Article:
The new Apple Cinema Display and MacBooks complete Apple’s all-glass, glossy screen approach and signals the end of the matte surface, glare resistant displays that creative professionals have come to know and love over the years. 

When asked about the choice to move to all-glossy displays Phil Schiller responded “You offset the reflection by the brightness, and consumers love it” at today’s announcement event. I find this comment disappointing and it shows a disconnect with creative professionals. Consumers *do* love bright, glossy screens. Creative professionals, however, don’t like *either* extreme brightness or glare. When calibrating a display, creative professionals typically turn the brightness down to the 90-150 cd/m2 luminance range and choose a warmer color temperature for paper white matching. In order to achieve this critical, display to paper white matching one can’t “offset the reflection by the brightness” as Phil suggests. 

I travel through several photography and design studios every week and the comment I regularly hear about the new iMacs is “I love the machine except for the terrible, glossy display.” In the same fashion, the new laptops and cinema displays will force creative professionals to struggle with glare, excess contrast and the perception of extreme shadow detail. I’ll probably recommend that creative professionals consider non-glossy displays from NEC, EIZO, Samsung and (gasp!) maybe even Dell (for value).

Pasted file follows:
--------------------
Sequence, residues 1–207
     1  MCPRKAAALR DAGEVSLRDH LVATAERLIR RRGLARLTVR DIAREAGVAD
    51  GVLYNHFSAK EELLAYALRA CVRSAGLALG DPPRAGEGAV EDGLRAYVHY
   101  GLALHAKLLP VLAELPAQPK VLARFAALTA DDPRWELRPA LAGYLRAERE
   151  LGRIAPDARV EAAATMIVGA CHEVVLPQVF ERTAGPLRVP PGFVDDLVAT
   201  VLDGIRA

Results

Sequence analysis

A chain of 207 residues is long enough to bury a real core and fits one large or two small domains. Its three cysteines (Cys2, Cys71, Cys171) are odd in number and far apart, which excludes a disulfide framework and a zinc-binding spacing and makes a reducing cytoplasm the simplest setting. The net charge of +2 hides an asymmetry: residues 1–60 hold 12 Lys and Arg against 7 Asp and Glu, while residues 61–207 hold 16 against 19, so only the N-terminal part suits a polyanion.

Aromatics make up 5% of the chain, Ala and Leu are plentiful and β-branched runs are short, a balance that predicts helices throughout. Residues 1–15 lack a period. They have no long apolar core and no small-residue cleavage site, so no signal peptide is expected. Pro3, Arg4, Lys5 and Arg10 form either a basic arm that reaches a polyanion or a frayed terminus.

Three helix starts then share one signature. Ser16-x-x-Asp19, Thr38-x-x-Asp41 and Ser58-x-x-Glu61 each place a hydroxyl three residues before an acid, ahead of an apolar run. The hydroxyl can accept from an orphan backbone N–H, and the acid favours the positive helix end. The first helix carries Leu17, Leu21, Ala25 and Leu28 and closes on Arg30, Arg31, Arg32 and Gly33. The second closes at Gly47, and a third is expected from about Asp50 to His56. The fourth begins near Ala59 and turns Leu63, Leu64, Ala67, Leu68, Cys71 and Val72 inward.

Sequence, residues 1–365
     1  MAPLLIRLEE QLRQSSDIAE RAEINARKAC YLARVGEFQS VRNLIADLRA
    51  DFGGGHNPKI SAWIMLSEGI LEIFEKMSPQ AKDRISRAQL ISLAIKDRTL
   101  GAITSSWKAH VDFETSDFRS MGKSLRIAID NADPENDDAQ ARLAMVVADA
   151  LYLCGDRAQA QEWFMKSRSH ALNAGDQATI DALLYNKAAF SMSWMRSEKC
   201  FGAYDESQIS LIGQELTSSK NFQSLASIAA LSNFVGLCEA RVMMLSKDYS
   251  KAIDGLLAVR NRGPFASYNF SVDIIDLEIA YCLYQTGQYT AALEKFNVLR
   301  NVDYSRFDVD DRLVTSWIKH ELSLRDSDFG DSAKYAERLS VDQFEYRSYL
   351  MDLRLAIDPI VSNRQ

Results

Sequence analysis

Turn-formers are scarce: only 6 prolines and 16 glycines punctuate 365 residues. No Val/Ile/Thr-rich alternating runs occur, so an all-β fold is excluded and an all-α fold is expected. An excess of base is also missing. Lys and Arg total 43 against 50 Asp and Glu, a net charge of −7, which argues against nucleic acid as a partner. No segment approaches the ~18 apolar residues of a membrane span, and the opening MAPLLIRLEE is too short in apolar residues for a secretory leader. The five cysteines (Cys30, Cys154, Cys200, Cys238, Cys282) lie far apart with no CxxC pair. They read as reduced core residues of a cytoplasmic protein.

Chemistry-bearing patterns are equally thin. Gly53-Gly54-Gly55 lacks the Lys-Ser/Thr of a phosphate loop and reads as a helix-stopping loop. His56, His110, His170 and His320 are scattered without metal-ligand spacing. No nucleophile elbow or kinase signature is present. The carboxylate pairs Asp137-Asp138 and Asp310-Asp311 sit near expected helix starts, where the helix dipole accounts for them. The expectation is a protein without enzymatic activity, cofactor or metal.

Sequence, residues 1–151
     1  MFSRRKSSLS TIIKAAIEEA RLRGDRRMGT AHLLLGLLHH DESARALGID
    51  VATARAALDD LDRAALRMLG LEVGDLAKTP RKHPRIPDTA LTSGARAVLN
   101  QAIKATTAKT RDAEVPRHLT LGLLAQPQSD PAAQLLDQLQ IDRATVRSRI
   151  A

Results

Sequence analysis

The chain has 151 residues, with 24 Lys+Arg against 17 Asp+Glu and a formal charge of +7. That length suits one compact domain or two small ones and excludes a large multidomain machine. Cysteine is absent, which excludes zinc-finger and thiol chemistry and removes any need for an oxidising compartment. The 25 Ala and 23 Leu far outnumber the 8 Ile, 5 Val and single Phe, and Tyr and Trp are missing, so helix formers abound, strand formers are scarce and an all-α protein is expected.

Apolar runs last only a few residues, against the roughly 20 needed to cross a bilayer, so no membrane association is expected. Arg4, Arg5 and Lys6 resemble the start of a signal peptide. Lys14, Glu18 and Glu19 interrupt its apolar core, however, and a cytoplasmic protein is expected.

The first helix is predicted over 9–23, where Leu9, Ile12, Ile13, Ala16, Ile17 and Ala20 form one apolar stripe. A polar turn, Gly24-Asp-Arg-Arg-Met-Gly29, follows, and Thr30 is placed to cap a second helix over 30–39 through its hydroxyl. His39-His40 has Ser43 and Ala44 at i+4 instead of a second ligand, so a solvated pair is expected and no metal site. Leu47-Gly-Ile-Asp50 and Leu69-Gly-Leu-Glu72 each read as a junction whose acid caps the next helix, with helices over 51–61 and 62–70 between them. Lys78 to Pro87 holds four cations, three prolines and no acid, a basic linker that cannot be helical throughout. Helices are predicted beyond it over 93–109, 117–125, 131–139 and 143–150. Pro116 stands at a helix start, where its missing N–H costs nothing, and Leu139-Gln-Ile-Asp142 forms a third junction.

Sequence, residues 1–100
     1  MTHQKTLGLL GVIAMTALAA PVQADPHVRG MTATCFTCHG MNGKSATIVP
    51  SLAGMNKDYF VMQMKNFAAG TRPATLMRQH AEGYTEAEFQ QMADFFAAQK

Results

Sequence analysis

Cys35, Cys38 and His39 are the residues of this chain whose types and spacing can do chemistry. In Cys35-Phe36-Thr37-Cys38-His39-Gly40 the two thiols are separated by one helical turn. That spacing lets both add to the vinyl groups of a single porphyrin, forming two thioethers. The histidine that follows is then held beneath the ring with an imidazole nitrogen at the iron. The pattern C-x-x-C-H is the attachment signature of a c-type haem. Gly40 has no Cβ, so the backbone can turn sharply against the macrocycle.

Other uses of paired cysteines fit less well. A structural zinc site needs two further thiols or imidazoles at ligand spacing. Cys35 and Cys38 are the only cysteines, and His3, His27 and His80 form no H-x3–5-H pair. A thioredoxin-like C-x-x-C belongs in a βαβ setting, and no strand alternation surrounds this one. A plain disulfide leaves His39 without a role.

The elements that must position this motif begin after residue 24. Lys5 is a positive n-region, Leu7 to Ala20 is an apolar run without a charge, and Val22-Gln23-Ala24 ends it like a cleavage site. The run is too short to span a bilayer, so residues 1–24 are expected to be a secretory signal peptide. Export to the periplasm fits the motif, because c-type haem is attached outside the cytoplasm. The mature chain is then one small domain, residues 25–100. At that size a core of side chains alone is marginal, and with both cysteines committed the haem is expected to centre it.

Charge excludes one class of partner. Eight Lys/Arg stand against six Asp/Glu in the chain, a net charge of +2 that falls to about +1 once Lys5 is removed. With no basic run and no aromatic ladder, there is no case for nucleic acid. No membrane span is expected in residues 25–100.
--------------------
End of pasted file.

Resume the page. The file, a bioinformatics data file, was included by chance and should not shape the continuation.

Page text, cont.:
The new laptops don’t offer a significant CPU speed increase and future models aren’t expected to have the same increases that we have seen in the past. Graphics Processing Unit (GPU) speeds are likely to increase substantially and it’s in this area that the new laptops are much faster. Some applications have already been updated to take advantage of the GPU acceleration trend. Apple’s Aperture, Final Cut products and Adobe’s Photoshop CS4 all utilize the GPU for greater performance. Photographers, however, are relying less on Photoshop and more on Lightroom which unfortunately doesn’t offer GPU acceleration. Because Lightroom has become “command central” for most professional photographers the new laptops won’t offer the performance boast they were hoping for. 

I think todays products leave creative professionals with the following questions:
“When will Adobe update Lightroom, Distiller and InDesign to utilize GPUs for greater performance?”
“What is a ‘best value’ non glare display that I can rely on instead of Apple’s new ACDs?”
“Will Apple listen to professionals and consider offering non glare versions of their displays?”
“Will a 3rd party consider offering a film product that transforms a glossy display into a non glossy one?”